THE PVC GLOVE: ONE MAN DEDICATED TO PROTECTING THE HANDS OF HIS COMRADES
SHOWA’s story began over 60 years ago in Manchuria. Akeo Tanaka had been drafted into the army and suffered, like many of his countrymen, from the extremely harsh conditions. The difficult memory of these soldiers losing their fingers from frostbite, despite wearing rabbit skin gloves and cotton under-gloves, provoked a reaction in him that a few years later would revolutionise hand protection.
After the war, Tanaka worked in the manufacturing of PVC ink cartridges for fountain pens. He noticed that the traditional industrial work gloves at the time were strong, but not functional – the two most important needs. Inspired by the lost fingers of his comrades, he had the ingenious idea of developing a glove prototype using this “material of the future”. This was in 1953 and Akeo Tanaka had in fact just invented the PVC glove, the first of many steps in achieving his lifelong pursuit of protecting hands.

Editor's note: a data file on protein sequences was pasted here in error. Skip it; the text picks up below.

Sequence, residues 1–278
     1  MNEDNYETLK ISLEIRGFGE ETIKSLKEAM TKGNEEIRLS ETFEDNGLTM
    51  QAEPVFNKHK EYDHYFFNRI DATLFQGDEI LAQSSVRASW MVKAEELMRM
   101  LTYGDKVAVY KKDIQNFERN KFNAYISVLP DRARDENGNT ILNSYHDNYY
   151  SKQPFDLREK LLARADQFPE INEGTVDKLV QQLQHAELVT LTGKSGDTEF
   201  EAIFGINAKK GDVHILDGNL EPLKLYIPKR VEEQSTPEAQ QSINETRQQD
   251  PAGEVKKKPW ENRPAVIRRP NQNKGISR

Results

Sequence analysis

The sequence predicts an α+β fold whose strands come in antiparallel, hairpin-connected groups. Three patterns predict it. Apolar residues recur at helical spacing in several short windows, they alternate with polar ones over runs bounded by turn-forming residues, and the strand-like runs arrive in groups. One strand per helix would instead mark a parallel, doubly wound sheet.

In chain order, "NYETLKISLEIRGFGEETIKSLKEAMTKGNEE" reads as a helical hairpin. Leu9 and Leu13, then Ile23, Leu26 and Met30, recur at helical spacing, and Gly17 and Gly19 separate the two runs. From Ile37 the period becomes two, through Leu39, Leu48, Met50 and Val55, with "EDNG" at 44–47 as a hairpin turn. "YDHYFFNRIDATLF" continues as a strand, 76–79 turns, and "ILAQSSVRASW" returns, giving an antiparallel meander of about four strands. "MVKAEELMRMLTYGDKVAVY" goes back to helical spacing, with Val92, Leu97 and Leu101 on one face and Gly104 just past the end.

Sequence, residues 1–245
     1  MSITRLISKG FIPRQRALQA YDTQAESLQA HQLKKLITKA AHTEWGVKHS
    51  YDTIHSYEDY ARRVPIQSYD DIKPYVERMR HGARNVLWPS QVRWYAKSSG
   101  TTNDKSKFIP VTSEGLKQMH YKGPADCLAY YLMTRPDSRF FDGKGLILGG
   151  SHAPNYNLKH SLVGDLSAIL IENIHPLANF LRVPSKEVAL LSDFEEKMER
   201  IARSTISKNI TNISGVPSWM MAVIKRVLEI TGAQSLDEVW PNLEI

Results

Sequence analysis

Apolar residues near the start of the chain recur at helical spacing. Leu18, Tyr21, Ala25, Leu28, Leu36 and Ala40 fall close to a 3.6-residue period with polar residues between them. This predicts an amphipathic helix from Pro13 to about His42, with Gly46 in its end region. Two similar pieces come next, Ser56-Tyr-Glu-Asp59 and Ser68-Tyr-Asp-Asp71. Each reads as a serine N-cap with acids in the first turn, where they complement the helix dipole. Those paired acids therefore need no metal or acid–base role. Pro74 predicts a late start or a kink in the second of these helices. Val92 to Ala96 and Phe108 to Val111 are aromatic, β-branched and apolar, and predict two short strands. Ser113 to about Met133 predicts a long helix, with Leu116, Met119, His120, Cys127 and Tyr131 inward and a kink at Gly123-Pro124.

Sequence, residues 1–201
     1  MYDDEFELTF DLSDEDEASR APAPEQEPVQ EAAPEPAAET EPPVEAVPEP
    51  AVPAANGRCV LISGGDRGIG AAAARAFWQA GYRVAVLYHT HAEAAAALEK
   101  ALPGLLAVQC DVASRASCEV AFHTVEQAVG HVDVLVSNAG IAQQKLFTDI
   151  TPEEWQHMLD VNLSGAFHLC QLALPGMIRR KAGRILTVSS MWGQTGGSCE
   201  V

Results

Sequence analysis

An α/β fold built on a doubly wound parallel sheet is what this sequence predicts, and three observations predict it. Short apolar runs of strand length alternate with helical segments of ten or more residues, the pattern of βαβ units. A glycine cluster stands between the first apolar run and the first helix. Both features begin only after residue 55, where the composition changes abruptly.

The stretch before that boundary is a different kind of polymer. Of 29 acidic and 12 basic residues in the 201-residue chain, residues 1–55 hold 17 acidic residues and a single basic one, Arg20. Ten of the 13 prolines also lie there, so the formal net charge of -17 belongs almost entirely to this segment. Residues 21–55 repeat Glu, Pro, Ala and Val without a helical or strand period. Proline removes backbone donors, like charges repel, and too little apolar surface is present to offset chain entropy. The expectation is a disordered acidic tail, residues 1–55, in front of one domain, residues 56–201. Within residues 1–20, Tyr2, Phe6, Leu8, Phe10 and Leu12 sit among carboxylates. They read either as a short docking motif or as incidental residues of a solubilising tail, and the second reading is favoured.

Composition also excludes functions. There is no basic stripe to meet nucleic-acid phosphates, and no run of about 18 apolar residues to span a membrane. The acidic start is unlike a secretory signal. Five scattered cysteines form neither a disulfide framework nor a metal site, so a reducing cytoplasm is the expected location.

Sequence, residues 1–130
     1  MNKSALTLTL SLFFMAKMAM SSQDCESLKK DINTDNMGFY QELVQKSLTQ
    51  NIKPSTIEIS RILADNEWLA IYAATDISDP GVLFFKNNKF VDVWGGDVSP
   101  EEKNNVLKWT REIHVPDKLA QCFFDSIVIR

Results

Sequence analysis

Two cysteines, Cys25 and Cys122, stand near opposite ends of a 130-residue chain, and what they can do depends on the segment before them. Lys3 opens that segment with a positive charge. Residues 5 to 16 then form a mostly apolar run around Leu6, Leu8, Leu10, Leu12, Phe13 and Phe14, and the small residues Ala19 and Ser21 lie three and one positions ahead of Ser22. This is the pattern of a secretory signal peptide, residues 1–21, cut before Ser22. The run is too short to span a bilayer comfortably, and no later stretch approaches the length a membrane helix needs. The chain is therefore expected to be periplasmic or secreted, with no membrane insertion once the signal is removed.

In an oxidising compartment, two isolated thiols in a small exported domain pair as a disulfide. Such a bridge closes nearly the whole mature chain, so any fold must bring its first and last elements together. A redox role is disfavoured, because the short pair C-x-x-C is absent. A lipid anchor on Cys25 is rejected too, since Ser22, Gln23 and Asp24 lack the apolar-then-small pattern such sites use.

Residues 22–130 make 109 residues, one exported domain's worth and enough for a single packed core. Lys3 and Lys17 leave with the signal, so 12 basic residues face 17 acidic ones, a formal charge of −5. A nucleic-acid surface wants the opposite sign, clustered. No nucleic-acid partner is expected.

The first PVC glove was designed for safety and practicality: thick on the palm and fingertips with a thinner cuff for easy donning and doffing. Due to tactility in finger movement and durability of the glove, it was gaining popularity in marine use, industrial sectors and the fisherman’s trade (today, SHOWA 660 dominates this market).
DEVELOPMENT IN THE INDUSTRY: A TURNING POINT FOR SHOWA
Due to rapid automation in the 1970’s, the PVC industrial glove hit a turning point. Precision work became the main purpose of working gloves so new products were required to offer precise finger movement, while maintaining its strength and durability. Moreover, the seam inside the glove was causing discomfort for many customers. In response to this, SHOWA developed the SHOWA 610 with a seamless, comfortable inner liner. This was SHOWA’s first patent-protected product, which gave nearly 20 years of exclusive rights to sell and thrust the company into a prosperous future.